European Movement UK

Britain's future is with Europe! Join the debate and put your opinion forward!

by Kevin Hannon, Chairman of the European Movement’s Midlands Branch//

“Where the enemies breed destructions, sow seeds of startling lights.” Ben Okri

The results of the EP elections will have caused dismay in many European capitals and no doubt in Washington. In Moscow they will have an opposite effect. President Putin must be delighted to see anti-EU parties make big gains in two important EU countries with the successes of UKIP in the UK and Front National (FN) in France. Indeed, Putin has had a good week. A very big gas trade deal was signed with China, after 10 years of hard negotiations; the UK government announced that it will reduce by a third its airborne rapid response troops; and then the icing on the cake with the EU elections producing big gains for anti-EU parties.

In France Madame Le Pen, leader of the Front National, has policies that must be Putin’s political dream. She is against the EU and globalisation. She would pull France out of the Euro and advocates the break of the Eurozone in favour of a policy of competitive currency devaluations, so that we can try a re-run of the 1930s (imagine the economic chaos after the destruction of about 1/3 of the world’s foreign currency reserves). She would have France leave NATO and be entirely independent of the US. Instead she advocates having “a privileged partnership with Russia”; a linkage necessitated by “obvious civilisation and geo-strategic factors” as well as by France’s energy needs. And like Nigel Farage, she admits to admiring President Putin for his uncompromising nationalism and political skills. Which is perhaps why she and Mr Farage have visited Moscow so many times and been so well treated there.

The Le Pen future for Europe is that the EU gets broken up, the Euro-zone gets broken up, NATO gets broken up, France retreats into nationalistic isolation, apart from a new special relationship with Russia. Madame Le Pen’s policies are so destructive towards the EU and the whole post WWII political system in Europe and all that France has done in it as to make one wonder if she is a Russian secret agent. She isn’t, but she might just as well be. She is without doubt the most potentially dangerous of Putin’s political helpers in the West because of her policies and because France is an essential and integral EU member state.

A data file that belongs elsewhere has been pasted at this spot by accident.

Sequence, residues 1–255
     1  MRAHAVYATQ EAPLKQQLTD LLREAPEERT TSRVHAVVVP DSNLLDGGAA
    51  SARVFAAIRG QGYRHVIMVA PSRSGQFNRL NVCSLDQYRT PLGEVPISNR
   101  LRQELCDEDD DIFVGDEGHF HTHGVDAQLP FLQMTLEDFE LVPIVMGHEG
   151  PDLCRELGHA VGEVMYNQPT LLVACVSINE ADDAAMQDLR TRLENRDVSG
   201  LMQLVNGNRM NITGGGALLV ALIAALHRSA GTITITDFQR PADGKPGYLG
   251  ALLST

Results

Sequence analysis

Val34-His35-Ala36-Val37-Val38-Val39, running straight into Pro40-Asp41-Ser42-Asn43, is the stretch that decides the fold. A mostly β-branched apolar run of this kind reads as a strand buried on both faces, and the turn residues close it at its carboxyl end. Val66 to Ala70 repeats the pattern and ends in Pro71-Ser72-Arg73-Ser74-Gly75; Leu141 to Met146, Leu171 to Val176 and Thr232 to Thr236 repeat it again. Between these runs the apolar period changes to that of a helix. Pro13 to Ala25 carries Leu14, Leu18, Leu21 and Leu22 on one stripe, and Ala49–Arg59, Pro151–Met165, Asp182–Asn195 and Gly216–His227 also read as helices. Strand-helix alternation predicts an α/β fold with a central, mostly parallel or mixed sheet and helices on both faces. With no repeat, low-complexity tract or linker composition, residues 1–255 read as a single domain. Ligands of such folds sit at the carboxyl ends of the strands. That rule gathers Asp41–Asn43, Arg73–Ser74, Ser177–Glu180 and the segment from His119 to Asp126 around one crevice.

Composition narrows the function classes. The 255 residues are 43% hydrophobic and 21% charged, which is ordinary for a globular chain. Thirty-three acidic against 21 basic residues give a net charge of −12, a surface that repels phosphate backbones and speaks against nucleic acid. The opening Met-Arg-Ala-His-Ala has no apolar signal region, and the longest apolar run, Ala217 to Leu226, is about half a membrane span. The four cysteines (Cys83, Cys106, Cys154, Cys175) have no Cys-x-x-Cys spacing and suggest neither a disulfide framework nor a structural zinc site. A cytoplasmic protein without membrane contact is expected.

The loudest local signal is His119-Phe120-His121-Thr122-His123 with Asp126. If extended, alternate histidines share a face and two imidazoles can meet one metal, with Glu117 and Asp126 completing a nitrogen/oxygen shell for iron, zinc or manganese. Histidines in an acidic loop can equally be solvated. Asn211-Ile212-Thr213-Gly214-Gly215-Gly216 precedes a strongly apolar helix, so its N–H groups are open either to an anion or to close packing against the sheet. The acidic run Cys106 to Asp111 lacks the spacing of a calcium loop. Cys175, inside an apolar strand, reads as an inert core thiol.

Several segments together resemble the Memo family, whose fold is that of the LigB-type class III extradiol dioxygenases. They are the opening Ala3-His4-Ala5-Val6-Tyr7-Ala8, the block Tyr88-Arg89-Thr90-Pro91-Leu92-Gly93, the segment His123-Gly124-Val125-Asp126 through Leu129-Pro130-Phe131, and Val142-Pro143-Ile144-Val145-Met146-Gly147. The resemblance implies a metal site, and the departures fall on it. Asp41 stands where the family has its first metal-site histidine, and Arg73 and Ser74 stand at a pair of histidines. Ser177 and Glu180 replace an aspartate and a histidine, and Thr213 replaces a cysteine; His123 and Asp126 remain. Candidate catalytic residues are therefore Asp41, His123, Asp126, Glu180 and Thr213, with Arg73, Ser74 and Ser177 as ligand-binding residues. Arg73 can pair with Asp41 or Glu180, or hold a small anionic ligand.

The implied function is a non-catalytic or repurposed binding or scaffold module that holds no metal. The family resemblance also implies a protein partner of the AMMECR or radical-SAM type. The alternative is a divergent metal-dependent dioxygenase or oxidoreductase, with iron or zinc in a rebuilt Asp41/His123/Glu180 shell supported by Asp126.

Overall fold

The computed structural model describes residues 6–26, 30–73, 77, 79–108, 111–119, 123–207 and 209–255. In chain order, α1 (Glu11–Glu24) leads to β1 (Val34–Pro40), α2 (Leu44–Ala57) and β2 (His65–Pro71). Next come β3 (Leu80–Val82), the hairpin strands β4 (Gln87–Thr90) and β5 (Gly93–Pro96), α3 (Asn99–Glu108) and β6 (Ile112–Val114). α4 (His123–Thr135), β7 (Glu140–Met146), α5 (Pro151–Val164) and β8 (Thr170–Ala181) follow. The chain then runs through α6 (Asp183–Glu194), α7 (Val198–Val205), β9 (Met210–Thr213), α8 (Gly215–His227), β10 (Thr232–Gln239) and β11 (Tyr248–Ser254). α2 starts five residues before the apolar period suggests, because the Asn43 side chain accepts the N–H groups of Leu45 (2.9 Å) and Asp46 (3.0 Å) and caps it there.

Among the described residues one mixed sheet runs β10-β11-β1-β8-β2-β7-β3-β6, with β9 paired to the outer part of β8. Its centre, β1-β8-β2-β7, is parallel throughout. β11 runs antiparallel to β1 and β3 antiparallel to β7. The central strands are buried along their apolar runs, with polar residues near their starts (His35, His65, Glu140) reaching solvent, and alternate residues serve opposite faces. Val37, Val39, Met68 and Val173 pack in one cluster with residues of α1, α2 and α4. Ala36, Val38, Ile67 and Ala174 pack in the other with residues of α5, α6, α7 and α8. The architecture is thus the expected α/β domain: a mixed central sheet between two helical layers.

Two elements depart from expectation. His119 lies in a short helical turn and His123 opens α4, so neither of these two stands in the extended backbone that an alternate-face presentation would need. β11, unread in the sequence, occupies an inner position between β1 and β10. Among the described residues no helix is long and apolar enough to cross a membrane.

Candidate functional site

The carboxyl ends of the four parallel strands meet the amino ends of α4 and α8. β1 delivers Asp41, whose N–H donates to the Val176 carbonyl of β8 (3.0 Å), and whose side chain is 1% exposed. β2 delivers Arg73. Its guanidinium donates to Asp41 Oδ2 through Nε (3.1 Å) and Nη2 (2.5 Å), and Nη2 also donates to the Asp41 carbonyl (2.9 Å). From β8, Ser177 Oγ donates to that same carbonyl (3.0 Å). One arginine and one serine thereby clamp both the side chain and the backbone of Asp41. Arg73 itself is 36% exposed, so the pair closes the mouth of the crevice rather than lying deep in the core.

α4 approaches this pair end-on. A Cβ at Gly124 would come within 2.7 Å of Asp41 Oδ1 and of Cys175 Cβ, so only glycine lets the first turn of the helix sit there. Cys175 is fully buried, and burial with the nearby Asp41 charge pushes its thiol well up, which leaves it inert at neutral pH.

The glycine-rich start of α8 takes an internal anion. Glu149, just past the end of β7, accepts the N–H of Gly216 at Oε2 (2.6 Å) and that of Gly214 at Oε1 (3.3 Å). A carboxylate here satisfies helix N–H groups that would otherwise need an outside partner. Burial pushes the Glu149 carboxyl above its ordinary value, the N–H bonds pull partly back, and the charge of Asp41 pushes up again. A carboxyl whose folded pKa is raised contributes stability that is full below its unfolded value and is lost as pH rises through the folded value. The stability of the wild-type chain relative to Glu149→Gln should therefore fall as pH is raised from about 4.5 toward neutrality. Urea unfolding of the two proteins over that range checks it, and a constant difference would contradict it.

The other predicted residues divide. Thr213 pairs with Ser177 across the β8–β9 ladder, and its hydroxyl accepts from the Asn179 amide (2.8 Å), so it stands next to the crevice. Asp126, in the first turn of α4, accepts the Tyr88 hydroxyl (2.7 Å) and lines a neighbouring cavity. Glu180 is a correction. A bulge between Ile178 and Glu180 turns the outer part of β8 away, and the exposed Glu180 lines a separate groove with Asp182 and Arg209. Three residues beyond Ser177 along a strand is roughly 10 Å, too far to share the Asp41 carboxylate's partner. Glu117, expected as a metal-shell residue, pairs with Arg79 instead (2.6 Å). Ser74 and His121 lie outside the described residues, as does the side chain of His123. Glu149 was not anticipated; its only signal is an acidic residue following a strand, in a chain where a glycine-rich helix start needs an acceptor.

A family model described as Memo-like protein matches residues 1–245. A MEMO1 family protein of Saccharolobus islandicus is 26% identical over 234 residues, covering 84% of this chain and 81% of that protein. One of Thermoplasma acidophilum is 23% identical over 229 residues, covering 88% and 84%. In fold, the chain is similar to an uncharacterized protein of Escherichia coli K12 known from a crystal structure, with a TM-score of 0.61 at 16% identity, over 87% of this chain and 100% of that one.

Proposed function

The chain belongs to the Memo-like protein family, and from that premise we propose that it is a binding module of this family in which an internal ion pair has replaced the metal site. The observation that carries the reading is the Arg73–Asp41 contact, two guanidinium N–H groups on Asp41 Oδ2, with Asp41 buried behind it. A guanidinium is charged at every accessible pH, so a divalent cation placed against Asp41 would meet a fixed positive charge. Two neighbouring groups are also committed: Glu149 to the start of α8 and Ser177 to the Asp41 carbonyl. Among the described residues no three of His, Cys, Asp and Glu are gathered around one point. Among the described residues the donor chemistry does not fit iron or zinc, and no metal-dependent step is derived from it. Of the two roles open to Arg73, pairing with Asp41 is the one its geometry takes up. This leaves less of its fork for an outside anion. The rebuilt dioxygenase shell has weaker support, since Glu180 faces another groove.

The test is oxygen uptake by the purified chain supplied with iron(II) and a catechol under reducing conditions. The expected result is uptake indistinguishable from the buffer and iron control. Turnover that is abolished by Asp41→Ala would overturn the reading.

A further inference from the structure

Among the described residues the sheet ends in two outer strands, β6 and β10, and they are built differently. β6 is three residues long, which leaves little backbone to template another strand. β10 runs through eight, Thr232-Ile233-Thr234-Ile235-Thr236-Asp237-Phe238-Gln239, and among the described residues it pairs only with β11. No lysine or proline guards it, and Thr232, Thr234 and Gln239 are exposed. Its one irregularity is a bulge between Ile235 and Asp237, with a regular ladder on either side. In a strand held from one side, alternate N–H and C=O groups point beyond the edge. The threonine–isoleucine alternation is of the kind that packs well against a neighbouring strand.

Putin’s most successful, to date, helpmate in the EU is Nigel Farage MEP, leader of a party that wants the UK to leave the EU. The United Kingdom Isolation Party, to give it an accurate name, is a sure fire winner for Putin. If it succeeds and the UK votes to leave the EU that will seriously weaken and distract the EU for years as it deals with the many problems of disentangling such a large country from the EU. Moreover, the UK economy would be in confusion and stagnation for years after a vote to leave the EU because of all the legal and regulatory uncertainties, and because of a lack of investment domestic and foreign. After that the UK will be compromised as a major political, economic and therefore military power in Europe. Thus eliminating one of the main and most consistent opponents of Russian expansionism since the Congress of Vienna in 1814-15. “Thank you very much Mr Farage” President Putin will be able to say, “You have done for us what tsars and dictatorships have failed to do in two centuries.”

Even if Mr Farage is unsuccessful in his ultimate aim of getting the UK out of the EU, his continuing influence serves to make the UK a reluctant and obstructive EU member state. He frightens the other main parties into being more anti-EU than they would be otherwise. And of course his anti-EU policies are supported and amplified by the endless stream of anti-EU propaganda poured out by much of the UK press, without which his party would scarcely exist.

A dismembered or weakened EU, like UKIP and the Front National envisaged, would serve President Putin’s policies even more than a weakened or dismembered Ukraine. Because the globalisation of political effects is such that a vote for Nigel Farage and Marie Le Pen at one end of Europe is in effect a vote for President Putin at the other end of Europe.

UKIP and FN seem to be part of an axis of xenophobia and nationalism linking anti-EU parties across Europe, which in fact have many disparate origins and conflicting aims. Both UKIP and FN make use of resentment against modernity to claim that they can wind back the clock of history into an imaginary era of the totally sovereign, entirely independent nation-states. But whereas the Front National is more protectionist, UKIP always talks about free trade with the rest of the world. But the politics of blame is always with us somewhere, because it is much easier for politicians to provide distractions than to deal with the realities of modernising the economy and politics of their country; hence the tactics of Farage, Le Pen and Putin.

It is an ironic measure of the success of the EU that so many disparate parties and politicians from London to Moscow blame it for what it does or does not do – rather as if it is the weather.

 

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